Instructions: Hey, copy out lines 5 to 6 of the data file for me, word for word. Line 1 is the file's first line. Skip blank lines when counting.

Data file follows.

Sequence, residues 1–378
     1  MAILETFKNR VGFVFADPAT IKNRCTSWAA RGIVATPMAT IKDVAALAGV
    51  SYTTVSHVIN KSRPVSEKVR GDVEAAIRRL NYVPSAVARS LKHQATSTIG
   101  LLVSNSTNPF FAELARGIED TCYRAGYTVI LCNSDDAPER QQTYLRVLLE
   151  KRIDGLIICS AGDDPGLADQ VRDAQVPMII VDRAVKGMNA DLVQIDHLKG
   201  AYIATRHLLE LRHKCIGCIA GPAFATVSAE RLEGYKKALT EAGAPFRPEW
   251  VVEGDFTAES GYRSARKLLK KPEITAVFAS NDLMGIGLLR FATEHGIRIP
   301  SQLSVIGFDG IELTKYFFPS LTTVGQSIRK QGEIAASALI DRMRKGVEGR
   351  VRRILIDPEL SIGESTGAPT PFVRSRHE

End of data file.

   151  KRIDGLIICS AGDDPGLADQ VRDAQVPMII VDRAVKGMNA DLVQIDHLKG
   201  AYIATRHLLE LRHKCIGCIA GPAFATVSAE RLEGYKKALT EAGAPFRPEW